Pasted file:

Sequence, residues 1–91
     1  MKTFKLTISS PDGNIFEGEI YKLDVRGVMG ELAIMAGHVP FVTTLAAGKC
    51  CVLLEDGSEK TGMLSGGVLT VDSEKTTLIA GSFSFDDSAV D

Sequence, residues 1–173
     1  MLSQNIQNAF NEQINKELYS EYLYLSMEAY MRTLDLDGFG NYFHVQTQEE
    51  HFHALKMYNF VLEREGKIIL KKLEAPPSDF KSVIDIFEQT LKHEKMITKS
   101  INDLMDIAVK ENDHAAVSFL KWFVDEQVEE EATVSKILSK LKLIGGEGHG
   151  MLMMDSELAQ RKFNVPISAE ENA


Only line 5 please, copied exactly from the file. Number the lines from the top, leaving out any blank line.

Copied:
     1  MLSQNIQNAF NEQINKELYS EYLYLSMEAY MRTLDLDGFG NYFHVQTQEE